After being forgotten by the Chavan administration, Yuvraj Walmiki hopes his successor would honour the pledge he was made of a new abode and an officer-grade job
With a new government in place, Yuvraj Walmiki should be feeling equal parts disappointed and hopeful. Disappointed because the star hockey player was guaranteed a house and a job by the previous dispensation, which left Mantralaya without dispensing what it promised; and hopeful that the new regime would honour the word its predecessor failed to keep.
This is when the BMC decided to supply electricity to their tiny shelter in 2011
After Walmiki’s winning goal against Pakistan during the Asian Championship in 2011, then chief minister, Congressman Prithviraj Chavan, promised him a home and a grade II government job. But more than three years down the line, Walmiki has to unhinge his hopes and re-peg them on the BJP government. Incidentally, he had been invited to and attended Friday’s ceremony where Devendra Fadnavis was inducted as chief minister.
Walmiki being felicitated by former chief minister Prithviraj Chavan. File pics
Walmiki said he had met Chavan at least on three occasions, but the politician’s officers told him the process was under way and would take a while. A senior officer in MHADA claimed that they would need time to search the files from 2011 and that they’d be able to inform us on the progress of Walmiki’s file by weekend.
“I had been to the ex-CM’s office after he assured me a home, but I am yet to receive the keys of the new house. I was invited for the swearing-in ceremony of the new CM and I am hopeful that when I meet him I will surely be heard and a home will be allotted to me as promised. I will also discuss with the CM the grade II officer job I was assured. I am sure my queries will be answered,” said Walmiki.
mid-day’s report on September 14, 2011 detailing how Walmiki has led a life of crushing poverty, living out of a tiny garage-house without electricity or water supply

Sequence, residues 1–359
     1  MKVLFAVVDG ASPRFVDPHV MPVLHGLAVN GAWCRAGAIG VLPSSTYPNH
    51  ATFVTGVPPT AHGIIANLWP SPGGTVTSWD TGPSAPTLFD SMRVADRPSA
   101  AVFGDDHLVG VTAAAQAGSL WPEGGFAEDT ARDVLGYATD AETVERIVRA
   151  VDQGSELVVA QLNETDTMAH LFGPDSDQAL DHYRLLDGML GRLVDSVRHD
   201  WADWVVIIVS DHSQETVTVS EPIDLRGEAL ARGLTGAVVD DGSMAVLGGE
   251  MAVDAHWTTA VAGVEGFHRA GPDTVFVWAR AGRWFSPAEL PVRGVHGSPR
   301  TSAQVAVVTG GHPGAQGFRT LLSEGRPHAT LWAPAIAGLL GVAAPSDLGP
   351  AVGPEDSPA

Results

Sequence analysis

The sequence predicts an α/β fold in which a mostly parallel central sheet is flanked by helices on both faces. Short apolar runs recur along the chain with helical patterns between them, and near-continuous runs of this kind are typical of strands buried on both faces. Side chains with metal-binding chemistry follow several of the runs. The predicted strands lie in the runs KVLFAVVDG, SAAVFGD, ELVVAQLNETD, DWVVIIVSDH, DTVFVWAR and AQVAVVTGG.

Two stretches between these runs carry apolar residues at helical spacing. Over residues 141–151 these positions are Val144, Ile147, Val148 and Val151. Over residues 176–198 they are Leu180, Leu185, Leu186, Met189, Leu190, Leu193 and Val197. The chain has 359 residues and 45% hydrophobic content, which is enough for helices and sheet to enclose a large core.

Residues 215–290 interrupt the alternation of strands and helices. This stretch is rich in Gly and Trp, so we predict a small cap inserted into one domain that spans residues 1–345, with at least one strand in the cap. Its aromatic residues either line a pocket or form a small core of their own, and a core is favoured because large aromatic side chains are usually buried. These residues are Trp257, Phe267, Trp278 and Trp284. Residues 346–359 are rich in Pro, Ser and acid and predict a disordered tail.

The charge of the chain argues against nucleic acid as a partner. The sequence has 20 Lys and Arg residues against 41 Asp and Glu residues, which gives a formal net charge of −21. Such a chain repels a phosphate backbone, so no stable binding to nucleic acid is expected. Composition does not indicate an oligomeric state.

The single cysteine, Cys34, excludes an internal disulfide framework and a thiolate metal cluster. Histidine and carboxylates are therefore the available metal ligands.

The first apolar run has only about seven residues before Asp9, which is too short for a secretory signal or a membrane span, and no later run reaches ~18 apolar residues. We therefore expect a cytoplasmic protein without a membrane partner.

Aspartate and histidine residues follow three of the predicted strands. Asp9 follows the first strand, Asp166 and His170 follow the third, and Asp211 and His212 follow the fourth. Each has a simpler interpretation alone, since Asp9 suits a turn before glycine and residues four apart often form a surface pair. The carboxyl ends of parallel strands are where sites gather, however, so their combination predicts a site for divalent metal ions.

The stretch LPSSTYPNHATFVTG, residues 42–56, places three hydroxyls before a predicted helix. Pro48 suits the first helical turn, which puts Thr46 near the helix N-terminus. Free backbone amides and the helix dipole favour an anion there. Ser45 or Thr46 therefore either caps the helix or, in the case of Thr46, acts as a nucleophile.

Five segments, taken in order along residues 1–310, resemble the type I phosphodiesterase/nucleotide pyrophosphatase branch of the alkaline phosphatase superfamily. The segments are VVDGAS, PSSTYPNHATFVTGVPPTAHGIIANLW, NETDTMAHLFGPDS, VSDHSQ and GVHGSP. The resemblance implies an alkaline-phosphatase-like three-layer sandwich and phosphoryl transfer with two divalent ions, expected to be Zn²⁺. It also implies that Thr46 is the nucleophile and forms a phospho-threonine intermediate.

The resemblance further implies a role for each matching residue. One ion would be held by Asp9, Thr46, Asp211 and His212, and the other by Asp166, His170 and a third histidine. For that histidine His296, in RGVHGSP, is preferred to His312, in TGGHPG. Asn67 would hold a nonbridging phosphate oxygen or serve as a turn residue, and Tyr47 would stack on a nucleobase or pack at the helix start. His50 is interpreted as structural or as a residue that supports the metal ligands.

A grade II officer’s post implies the rank of deputy superintendent or undersecretary, or in other words, a gazetted officer. The player’s family has been residing in cramped quarters in the Neelkanth Niranjan Cooperative Housing Society compound in Marine Lines for four decades now.
Their home, barely 100 square foot and inside a garage, is too small for the entire family: his elder brother who recently got married, he and his younger brother, and their mother and father. Walmiki has participated in nearly 60 international hockey tournaments, and of the 2011 team he was the only boy from Mumbai. Now his brother has joined the same team.
He claims he wouldn’t mind a home in the suburbs up till Bandra or Sion, as the ground where he practices is in South Mumbai, and it would be convenient for him to commute. There were rumours that Walmiki was offered a home in Mira Road, but he refused it. But the player rubbished them.
“I never got a house in Mira Road,” said the player who is a ticket collector with the railways. When we tried to contact Prithviraj Chavan, he didn’t answer the phone. Our efforts to get in touch with the recently appointed sports minister Vinod Tawde only got us as far as his assistant, who told us Tawde would revert, but didn’t.
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